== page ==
1. Takeuchi M, Ueda H. Increase of adult atopic dermatitis (AD) in recent Japan. Environ Dermatol. 2000. 7:133–136.
2. Yamamoto S. Prevalence and exacerbation factors of atopic dermatitis. Skin Allergy Frontier. 2003. 1:85–90.
3. Ikoma A, Steinhoff M, Ständer S, Yosipovitch G, Schmelz M. The neurobiology of itch. Nat Rev Neurosci. 2006. 7:535–547.
4. Rossi R, Johansson O. Cutaneous innervation and the role of neuronal peptides in cutaneous inflammation: a minireview. Eur J Dermatol. 1998. 8:299–306.
5. Ständer S, Steinhoff M, Schmelz M, Weisshaar E, Metze D, Luger T. Neurophysiology of pruritus: cutaneous elicitation of itch. Arch Dermatol. 2003. 139:1463–1470.
6. Furue M, Terao H, Rikihisa W, Urabe K, Kinukawa N, Nose Y, et al. Clinical dose and adverse effects of topical steroids in daily management of atopic dermatitis. Br J Dermatol. 2003. 148:128–133.
7. Wahlgren CF. Itch and atopic dermatitis: clinical and experimental studies. Acta Derm Venereol Suppl (Stockh). 1991. 165:1–53.
8. Boguniewicz M, Fiedler VC, Raimer S, Lawrence ID, Leung DY, Hanifin JM. Pediatric Tacrolimus Study Group. A randomized, vehicle-controlled trial of tacrolimus ointment for treatment of atopic dermatitis in children. J Allergy Clin Immunol. 1998. 102:637–644.
9. Severity scoring of atopic dermatitis: the SCORAD index. Consensus Report of the European Task Force on Atopic Dermatitis. Dermatology. 1993. 186:23–31.
10. Furue M, Terao H, Moroi Y, Koga T, Kubota Y, Nakayama J, et al. Dosage and adverse effects of topical tacrolimus and steroids in daily management of atopic dermatitis. J Dermatol. 2004. 31:277–283.
11. Fleischer AB Jr, Ling M, Eichenfield L, Satoi Y, Jaracz E, Rico MJ, et al. Tacrolimus ointment for the treatment of atopic dermatitis is not associated with an increase in cutaneous infections. J Am Acad Dermatol. 2002. 47:562–570.
12. Rivard J, Lim HW. Ultraviolet phototherapy for pruritus. Dermatol Ther. 2005. 18:344–354.
13. Chuang TY, Heinrich LA, Schultz MD, Reizner GT, Kumm RC, Cripps DJ. PUVA and skin cancer. A historical cohort study on 492 patients. J Am Acad Dermatol. 1992. 26:173–177.
14. Hon KL, Lam MC, Leung TF, Chow CM, Wong E, Leung AK. Assessing itch in children with atopic dermatitis treated with tacrolimus: objective versus subjective assessment. Adv Ther. 2007. 24:23–28.
15. Reitamo S, Rustin M, Ruzicka T, Cambazard F, Kalimo K, Friedmann PS, et al. European Tacrolimus Ointment Study Group. Efficacy and safety of tacrolimus ointment compared with that of hydrocortisone butyrate ointment in adult patients with atopic dermatitis. J Allergy Clin Immunol. 2002. 109:547–555.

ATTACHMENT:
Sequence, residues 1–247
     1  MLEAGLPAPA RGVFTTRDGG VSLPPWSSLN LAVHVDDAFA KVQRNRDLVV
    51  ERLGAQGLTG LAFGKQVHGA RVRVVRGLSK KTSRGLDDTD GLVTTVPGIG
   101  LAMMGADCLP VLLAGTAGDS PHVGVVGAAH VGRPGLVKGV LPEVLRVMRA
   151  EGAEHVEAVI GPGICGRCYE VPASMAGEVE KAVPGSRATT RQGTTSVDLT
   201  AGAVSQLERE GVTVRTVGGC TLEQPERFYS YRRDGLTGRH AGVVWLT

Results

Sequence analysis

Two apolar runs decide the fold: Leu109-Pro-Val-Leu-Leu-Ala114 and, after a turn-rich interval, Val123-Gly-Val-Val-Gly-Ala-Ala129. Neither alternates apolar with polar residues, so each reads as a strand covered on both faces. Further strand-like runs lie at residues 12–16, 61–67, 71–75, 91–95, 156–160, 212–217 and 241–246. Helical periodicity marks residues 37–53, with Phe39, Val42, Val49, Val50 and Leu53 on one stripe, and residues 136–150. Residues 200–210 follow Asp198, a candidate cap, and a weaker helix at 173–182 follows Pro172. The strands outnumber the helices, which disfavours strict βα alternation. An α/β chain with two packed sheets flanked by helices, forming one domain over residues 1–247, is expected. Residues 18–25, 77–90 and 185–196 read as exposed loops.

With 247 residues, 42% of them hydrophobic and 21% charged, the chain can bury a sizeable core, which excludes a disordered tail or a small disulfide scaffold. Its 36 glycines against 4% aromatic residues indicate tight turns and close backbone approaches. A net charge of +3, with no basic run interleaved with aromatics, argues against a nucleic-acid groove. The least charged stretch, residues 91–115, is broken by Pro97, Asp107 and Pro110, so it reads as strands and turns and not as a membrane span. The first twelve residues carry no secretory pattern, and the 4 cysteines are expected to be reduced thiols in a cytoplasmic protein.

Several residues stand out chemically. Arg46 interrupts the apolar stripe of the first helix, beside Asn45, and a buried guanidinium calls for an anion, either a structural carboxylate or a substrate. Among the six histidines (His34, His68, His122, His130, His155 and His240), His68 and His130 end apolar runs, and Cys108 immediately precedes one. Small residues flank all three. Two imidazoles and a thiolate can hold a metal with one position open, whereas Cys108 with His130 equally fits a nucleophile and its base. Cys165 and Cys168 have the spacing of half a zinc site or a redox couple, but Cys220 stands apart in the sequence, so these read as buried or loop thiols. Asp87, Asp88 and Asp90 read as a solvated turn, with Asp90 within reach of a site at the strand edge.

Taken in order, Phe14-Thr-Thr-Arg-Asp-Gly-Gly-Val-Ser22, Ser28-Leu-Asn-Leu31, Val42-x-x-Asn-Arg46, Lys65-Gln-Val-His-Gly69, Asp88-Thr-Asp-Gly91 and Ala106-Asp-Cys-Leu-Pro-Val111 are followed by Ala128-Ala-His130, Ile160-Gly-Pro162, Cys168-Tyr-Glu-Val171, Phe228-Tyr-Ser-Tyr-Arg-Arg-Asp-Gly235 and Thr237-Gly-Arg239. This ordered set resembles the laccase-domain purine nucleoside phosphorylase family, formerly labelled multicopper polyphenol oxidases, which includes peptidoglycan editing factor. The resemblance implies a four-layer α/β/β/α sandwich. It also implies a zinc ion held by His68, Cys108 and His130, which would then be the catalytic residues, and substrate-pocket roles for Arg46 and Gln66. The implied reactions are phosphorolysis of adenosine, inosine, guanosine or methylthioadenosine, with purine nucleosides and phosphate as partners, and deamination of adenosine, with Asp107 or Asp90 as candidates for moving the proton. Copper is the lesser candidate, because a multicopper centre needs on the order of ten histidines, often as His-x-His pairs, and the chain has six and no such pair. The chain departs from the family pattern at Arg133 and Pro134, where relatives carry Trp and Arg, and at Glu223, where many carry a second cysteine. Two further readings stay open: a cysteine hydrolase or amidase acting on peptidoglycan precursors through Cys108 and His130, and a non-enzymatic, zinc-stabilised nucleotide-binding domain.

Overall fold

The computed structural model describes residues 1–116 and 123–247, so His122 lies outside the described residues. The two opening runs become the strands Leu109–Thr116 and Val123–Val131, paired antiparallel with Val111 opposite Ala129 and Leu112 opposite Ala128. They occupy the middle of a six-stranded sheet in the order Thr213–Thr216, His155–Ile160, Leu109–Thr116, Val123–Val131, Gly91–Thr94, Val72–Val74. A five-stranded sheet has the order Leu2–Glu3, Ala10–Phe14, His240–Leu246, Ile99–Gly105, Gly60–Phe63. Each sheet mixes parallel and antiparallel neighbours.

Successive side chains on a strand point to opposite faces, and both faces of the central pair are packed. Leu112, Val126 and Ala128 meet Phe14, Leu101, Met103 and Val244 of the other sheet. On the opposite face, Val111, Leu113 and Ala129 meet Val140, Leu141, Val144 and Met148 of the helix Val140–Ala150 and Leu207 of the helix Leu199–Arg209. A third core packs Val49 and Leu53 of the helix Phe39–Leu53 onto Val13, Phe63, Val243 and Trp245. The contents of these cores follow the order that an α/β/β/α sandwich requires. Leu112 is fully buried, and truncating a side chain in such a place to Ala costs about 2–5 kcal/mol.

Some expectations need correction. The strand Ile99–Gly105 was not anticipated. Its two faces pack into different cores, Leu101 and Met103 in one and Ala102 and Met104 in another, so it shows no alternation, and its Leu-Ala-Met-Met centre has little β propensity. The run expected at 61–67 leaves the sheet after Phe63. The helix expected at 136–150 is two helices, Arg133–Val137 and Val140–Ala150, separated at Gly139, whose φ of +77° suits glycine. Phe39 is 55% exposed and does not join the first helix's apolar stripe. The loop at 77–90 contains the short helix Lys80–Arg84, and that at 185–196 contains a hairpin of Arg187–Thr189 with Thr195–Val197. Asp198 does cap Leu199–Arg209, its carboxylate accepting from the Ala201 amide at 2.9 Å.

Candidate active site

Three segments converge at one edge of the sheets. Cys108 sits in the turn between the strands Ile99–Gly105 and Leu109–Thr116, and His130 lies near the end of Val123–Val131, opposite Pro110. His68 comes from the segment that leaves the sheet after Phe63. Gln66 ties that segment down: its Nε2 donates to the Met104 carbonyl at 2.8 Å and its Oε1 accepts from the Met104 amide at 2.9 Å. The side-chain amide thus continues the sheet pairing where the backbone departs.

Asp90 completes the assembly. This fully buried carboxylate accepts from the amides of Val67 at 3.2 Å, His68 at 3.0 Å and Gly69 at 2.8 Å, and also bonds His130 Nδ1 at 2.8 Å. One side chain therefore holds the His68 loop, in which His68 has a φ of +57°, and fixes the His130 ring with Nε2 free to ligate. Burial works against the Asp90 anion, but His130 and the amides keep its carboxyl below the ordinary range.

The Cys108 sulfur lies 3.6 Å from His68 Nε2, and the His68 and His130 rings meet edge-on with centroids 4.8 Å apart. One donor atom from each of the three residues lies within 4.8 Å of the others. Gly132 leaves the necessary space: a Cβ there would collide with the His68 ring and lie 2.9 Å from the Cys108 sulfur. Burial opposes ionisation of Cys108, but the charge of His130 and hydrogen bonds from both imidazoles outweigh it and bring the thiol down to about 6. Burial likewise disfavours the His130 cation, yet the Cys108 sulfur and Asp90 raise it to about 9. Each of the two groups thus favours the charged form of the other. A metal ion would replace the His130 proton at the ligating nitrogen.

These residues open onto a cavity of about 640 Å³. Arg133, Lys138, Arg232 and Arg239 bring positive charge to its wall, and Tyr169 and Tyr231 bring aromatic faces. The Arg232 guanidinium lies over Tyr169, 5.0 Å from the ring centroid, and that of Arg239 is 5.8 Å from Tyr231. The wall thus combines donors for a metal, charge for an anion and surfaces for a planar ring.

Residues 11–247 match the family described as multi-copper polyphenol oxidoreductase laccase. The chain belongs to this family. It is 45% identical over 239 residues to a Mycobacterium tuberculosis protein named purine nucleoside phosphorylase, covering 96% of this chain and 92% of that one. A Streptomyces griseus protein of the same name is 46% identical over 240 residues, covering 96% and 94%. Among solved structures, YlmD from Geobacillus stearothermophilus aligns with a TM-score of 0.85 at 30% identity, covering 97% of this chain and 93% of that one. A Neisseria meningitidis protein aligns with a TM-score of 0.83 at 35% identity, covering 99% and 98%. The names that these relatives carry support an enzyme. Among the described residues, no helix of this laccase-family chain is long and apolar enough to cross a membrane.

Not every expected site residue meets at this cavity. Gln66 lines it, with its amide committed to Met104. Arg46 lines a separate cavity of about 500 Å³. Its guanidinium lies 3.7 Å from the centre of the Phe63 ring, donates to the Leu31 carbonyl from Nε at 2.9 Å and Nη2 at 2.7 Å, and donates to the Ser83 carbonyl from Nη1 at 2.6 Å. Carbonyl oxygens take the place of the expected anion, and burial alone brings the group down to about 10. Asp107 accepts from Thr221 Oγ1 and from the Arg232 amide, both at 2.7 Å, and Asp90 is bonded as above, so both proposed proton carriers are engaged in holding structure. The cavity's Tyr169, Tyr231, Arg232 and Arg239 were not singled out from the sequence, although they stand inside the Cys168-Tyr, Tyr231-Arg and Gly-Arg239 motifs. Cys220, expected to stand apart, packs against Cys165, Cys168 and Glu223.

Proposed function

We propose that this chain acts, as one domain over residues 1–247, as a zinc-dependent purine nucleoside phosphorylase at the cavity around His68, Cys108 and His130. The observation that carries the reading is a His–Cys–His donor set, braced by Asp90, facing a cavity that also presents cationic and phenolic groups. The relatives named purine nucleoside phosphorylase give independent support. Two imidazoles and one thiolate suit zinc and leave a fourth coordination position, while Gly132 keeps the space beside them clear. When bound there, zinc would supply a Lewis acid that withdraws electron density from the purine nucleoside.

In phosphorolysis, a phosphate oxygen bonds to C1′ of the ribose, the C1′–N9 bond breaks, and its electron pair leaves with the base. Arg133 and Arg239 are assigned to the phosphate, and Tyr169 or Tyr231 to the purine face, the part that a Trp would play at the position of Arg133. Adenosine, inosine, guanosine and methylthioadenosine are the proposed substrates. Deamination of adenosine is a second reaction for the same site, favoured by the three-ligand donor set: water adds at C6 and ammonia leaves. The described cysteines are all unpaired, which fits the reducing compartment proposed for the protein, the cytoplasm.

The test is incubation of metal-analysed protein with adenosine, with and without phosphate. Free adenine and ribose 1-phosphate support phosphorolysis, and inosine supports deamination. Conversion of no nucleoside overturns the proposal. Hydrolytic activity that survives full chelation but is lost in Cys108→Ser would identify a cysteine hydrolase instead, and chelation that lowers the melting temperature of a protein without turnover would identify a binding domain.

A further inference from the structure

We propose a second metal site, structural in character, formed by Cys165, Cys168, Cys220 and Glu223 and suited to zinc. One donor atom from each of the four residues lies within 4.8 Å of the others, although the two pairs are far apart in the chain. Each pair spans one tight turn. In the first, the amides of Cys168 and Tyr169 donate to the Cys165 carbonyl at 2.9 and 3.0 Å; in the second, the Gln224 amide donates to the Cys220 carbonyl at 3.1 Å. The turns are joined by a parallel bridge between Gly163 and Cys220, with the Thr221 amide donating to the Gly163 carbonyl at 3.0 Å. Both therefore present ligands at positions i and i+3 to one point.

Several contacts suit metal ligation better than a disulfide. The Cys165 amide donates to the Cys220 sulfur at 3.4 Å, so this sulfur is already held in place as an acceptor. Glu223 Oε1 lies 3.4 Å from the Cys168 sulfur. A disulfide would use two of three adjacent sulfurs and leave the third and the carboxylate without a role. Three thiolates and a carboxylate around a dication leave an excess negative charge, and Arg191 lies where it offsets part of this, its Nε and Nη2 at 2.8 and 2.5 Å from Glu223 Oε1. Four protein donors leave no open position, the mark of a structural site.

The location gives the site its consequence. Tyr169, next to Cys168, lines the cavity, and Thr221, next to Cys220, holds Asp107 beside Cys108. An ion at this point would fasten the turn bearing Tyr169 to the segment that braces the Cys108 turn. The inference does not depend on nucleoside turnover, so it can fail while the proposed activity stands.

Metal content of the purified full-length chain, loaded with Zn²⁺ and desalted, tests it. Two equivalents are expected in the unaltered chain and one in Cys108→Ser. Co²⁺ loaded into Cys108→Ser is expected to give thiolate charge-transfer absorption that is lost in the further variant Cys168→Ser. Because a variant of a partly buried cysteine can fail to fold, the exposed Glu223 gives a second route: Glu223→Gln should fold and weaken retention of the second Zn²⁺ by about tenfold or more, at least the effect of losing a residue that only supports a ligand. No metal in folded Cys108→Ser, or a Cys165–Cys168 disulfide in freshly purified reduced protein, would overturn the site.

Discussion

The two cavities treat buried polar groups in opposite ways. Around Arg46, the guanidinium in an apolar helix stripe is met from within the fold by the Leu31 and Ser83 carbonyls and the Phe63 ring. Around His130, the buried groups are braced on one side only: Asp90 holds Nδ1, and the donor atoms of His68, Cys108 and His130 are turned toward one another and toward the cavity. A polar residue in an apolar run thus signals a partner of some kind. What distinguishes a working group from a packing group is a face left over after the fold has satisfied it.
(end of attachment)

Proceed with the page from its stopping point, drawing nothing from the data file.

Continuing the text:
16. Japanese FK-506 Ointment Study Group. Phase III study of FK-506 (Tacrolimus) ointment in patients with atopic dermatitis -Comparison study with 0.12% betamethasone valerate ointment for trunk and extremities lesions-. Nishinihon J Dermatol. 1997. 59:870–879. (article in Japanese).
17. Inagaki N, Shiraishi N, Igeta K, Itoh T, Chikumoto T, Nagao M, et al. Inhibition of scratching behavior associated with allergic dermatitis in mice by tacrolimus, but not by dexamethasone. Eur J Pharmacol. 2006. 546:189–196.
18. Inagaki N, Shiraishi N, Igeta K, Nagao M, Kim JF, Chikumoto T, et al. Depletion of substance P, a mechanism for inhibition of mouse scratching behavior by tacrolimus. Eur J Pharmacol. 2010. 626:283–289.
19. Inoue T, Katoh N, Kishimoto S. Prolonged topical application of tacrolimus inhibits immediate hypersensitivity reactions by reducing degranulation of mast cells. Acta Derm Venereol. 2006. 86:13–16.
20. Kido M, Takeuchi S, Esaki H, Hayashida S, Furue M. Scratching behavior does not necessarily correlate with epidermal nerve fiber sprouting or inflammatory cell infiltration. J Dermatol Sci. 2010. 58:130–135.
21. Takeuchi S, Yasukawa F, Furue M, Katz SI. Collared mice: a model to assess the effects of scratching. J Dermatol Sci. 2010. 57:44–50.
Full Text Links
  • AD
export Copy
  • Twitter
  • Facebook
Similar articles
Copyright © 2024 by Korean Association of Medical Journal Editors. All rights reserved.     E-mail: